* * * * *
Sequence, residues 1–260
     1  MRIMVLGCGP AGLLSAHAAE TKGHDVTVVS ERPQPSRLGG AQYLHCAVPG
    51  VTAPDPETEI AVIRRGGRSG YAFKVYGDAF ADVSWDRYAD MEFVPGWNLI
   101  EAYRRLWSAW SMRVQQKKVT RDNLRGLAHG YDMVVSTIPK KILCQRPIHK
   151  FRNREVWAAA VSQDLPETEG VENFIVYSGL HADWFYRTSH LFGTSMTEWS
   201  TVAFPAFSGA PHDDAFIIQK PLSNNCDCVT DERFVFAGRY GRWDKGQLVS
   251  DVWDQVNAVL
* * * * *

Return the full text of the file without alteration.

Sequence, residues 1–260
     1  MRIMVLGCGP AGLLSAHAAE TKGHDVTVVS ERPQPSRLGG AQYLHCAVPG
    51  VTAPDPETEI AVIRRGGRSG YAFKVYGDAF ADVSWDRYAD MEFVPGWNLI
   101  EAYRRLWSAW SMRVQQKKVT RDNLRGLAHG YDMVVSTIPK KILCQRPIHK
   151  FRNREVWAAA VSQDLPETEG VENFIVYSGL HADWFYRTSH LFGTSMTEWS
   201  TVAFPAFSGA PHDDAFIIQK PLSNNCDCVT DERFVFAGRY GRWDKGQLVS
   251  DVWDQVNAVL